Over correcting for what we thought we saw
What we perceive goes FAR beyond what we see. For a single two dimensional image we can perceive an entire world, create laws for that word and enforce them on the objects that we see in the image. This gets confusing, so look at the example below and tell me which of the two coffee mugs on the right side appears larger?
The one in back, right? OK, well ... they are both the same size and neither is in back of the other. The very idea of "in back" or "behind" demands a third dimension, but you know good and well that you are looking at two dimensional objects. The coffee mug above is the same size as the coffee mug below. Why does it appear larger? Precisely because our minds construct the third dimension. Here's how it happens:
- We see lines converging on a given vanishing point.
- We perceive a perspective and force it on the image.
- We then perceive that the mug on the top right side of the image is farther away than the mug on the bottom right side because it is closer to the vanishing point.
- We know that as things get farther away they appear smaller by taking up less visual space.
- We see however that the mug on the top right takes up the same visual space as the mug on the bottom right.
- We ironically over correct and perceive that it must be larger ... because it is farther away and appears no smaller than the other.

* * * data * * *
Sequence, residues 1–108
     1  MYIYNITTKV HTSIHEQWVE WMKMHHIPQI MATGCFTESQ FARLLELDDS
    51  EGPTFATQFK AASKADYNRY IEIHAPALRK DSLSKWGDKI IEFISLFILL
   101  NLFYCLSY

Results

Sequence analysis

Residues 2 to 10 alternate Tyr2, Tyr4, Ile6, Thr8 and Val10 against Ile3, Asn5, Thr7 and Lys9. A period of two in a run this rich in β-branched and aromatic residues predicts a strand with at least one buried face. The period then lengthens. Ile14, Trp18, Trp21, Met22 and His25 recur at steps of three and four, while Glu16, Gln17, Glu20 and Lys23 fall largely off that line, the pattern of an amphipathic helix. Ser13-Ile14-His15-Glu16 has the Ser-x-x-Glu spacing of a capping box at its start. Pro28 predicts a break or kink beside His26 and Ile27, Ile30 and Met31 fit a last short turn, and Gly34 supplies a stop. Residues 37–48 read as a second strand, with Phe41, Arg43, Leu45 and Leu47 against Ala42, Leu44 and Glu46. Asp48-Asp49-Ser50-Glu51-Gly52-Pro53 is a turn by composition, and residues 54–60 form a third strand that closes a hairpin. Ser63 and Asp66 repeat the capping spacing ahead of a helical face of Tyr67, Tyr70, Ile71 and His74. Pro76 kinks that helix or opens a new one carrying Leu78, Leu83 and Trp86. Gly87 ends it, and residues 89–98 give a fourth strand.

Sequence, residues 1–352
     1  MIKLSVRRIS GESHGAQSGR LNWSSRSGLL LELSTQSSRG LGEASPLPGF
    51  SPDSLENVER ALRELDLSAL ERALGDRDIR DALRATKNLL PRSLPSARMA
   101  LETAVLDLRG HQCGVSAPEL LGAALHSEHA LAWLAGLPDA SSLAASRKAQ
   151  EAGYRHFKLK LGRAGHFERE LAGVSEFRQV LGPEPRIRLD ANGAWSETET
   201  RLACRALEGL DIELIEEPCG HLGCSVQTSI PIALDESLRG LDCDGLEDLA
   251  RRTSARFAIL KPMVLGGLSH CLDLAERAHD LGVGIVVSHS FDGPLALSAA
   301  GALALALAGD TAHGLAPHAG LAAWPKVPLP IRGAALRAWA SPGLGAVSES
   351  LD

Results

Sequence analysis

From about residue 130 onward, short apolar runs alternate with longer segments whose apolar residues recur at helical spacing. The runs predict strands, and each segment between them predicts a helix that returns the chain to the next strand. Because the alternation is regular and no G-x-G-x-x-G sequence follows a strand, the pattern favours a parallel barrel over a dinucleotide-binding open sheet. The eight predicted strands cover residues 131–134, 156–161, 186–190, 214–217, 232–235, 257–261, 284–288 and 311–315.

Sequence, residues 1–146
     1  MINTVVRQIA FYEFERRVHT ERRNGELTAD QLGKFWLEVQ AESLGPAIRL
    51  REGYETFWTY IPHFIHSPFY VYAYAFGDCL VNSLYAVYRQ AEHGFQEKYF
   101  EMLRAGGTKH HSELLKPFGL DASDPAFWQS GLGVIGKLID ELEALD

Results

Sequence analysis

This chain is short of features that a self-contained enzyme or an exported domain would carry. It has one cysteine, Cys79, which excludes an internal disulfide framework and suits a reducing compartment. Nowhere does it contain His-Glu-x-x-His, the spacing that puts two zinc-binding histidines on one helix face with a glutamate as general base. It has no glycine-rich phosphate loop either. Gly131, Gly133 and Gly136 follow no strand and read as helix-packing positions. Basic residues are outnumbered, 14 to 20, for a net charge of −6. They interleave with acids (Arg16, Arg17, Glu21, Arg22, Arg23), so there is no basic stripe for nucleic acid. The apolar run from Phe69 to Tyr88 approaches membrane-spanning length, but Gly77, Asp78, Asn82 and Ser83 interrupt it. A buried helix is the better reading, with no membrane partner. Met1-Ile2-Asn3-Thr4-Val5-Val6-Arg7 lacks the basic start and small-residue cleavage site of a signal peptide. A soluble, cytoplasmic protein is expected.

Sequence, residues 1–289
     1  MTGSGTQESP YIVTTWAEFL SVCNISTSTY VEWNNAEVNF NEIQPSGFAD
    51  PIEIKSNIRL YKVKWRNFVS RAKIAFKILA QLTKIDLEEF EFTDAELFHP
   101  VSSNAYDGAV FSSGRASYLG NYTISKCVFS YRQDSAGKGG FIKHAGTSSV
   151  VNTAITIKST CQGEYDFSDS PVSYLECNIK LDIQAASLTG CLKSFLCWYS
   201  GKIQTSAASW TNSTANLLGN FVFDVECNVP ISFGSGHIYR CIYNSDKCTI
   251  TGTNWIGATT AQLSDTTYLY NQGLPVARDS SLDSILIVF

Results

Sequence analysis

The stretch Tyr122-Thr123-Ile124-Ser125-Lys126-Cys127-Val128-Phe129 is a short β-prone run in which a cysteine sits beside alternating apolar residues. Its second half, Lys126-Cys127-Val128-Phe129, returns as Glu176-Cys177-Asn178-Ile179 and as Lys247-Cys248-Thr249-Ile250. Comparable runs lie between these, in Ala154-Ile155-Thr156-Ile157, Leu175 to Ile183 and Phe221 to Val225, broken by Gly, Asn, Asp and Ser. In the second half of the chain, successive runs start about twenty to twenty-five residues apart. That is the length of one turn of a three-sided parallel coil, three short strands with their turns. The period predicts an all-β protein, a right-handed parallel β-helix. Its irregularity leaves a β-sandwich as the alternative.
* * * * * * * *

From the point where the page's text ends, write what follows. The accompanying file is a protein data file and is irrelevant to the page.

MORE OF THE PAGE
So, what does any of that have to do with advertising? Well, your potential clients see things that aren't there, don't see things that are there and over correct for things they thought they saw. This can play to your advantage or your disadvantage. You can get more bang for your buck by creating the perception of things you don't have space to show. You can follow obnoxious regulations without anyone noticing. You can even gain the benefit of the doubt.
You can give the impression of things you never intended, distract from important information or cause people to assume the worst.
This post has already become larger than I intended, so I will share just one quick story. A company recently consulted us for some advice on their billboard ads they are running. We talked about negative space. We talked about capitalization. We talked about colors, and then they asked us this question:
"Is it better to have the top of the guys head cut off by the top of the billboard or to give some head room?"
We looked at the examples and Kristen gave the perfect response. "He appears shorter in the one where he has head room." And he did! He looked like he wasn't tall enough to reach the frame; he could "not ride this ride." They may not seem like a big deal, but in an ad that is trying to build confidence, short is not one of your target messages.
Remember that we all approach what we see with preconceptions and will construct our perceptions of reality as well as your message based on those. It can be hard to know what it is that you actually see and what you merely perceive, so you should always get some outside input to help find out what illusions might be lying yet unnoticed.